SageBrush has not presented them as "foundational numbers". He has stated "This is all that is needed."iPlug wrote:We should be able to come to an agreement on what the foundational numbers are then work from there.
But not sure what the objection is here. Is it:
a) SageBrush's foundational numbers are technically right: the amount of energy solar would have to produce, at a minimum, to offset fossil fuels currently used to generate electricity; but objection with the amount that would be required in reality (to account for no sun at night, much less production in the winter, lack of current existing grid infrastructure and storage...)?
b) objector(s) disagree with SageBrush's foundational numbers on how much fossil fuel energy would have to be displaced, before accounting for no sun at night, much less production in the winter, lack of current existing grid infrastructure and storage...?
c) something else?
Using numbers with the "same units" is nothing like designing a viable system.
We live in a modern society which depends on fossil fuels for 80% of the energy it uses. This system is designed to cater to the loads in that the energy is delivered when and where it is needed.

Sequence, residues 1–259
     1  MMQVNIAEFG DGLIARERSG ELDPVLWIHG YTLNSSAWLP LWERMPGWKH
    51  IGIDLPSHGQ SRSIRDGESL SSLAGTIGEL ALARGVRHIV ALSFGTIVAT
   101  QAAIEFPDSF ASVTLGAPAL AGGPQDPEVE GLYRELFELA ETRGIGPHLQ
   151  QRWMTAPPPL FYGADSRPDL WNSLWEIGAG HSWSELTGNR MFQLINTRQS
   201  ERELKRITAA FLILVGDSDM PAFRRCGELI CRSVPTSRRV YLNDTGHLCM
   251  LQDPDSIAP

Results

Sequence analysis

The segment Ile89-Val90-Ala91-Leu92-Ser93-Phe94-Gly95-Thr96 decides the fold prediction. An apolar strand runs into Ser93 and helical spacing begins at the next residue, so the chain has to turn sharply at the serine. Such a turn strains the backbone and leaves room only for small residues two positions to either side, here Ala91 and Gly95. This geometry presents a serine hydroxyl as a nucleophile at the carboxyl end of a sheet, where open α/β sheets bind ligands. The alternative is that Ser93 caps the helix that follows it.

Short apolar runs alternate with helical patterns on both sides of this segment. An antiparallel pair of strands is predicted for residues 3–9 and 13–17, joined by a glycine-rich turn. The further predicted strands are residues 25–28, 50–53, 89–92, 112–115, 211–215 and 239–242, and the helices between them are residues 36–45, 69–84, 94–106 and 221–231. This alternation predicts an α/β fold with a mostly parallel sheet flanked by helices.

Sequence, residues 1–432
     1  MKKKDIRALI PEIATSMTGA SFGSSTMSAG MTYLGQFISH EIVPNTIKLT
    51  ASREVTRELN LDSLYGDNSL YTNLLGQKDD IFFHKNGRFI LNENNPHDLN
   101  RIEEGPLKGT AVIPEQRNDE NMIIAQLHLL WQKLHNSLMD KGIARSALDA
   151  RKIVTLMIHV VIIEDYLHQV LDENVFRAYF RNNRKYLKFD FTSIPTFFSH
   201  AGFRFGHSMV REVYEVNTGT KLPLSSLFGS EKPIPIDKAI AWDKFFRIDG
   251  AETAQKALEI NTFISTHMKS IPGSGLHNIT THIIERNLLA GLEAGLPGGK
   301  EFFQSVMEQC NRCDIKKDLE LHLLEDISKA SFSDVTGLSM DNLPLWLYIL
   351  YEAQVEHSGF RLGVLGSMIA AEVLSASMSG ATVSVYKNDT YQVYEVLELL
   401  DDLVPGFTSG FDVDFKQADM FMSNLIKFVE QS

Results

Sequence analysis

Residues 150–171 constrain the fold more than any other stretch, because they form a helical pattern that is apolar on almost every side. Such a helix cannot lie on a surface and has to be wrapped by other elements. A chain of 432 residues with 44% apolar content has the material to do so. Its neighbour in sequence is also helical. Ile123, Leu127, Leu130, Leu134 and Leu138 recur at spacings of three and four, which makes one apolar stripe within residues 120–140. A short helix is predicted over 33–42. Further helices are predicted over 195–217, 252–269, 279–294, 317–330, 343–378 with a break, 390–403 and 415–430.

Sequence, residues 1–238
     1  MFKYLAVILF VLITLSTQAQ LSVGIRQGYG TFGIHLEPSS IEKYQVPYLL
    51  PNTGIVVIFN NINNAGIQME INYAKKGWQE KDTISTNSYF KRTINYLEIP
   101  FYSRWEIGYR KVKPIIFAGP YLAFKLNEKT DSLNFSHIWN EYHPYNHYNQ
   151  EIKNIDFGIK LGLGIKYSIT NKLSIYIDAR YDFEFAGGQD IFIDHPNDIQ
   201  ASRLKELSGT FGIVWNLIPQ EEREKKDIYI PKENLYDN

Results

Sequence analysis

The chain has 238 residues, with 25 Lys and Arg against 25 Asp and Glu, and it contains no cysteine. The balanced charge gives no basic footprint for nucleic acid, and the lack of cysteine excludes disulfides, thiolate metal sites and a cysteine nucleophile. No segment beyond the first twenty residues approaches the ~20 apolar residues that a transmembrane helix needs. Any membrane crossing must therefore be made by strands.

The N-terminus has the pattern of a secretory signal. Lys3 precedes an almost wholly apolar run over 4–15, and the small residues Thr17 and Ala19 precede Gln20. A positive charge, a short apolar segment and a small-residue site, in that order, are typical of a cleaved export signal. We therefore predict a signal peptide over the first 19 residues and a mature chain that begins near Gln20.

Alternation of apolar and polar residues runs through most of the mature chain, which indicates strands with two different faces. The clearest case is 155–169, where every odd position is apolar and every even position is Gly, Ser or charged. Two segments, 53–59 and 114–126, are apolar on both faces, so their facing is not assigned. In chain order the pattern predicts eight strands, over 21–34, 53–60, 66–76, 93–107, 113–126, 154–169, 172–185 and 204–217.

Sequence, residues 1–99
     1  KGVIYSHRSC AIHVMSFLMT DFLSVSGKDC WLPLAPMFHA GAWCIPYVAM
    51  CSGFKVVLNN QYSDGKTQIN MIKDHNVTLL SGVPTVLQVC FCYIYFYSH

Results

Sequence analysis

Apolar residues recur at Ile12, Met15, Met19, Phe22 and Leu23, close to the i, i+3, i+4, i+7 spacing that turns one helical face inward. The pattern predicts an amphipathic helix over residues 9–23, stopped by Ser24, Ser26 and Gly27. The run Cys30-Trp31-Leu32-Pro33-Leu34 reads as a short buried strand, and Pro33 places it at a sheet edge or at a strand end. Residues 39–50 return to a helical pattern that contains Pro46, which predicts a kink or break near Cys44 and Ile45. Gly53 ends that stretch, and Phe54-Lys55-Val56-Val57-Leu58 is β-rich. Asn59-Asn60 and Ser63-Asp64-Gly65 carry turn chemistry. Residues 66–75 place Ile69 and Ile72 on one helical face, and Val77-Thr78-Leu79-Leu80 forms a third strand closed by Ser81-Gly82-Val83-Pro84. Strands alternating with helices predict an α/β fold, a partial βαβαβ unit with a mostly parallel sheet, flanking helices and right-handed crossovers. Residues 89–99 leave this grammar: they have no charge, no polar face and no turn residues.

With renewable sources, we could perhaps scrap our load-centric system and go with a source-centric system, only using as much energy as is available at any given time. This is extremely unlikely, since many people will die in the wintertime if heat is not provided when and where it is needed.
Another alternative is to try to get renewable generators to be load-centric like the existing system. Replacing just electricity in the near future seems like a reasonable proposition for places like Texas. that might even be affordable.
The problem comes when you move farther from the equator and try to replace ALL fossil fuels in the wintertime. Imagine New England in the wintertime. A nor'easter blows through over 72 hours, blanketing the entire region with FEET of snow. Now that storm has left and it is 10F across the region and the air is still. The challenge is to keep all the homes heated, run the snowplows, provide all of the other services to run the economy there. THAT is the type of scenario that needs to be addressed to get to 100% renewables in the U.S.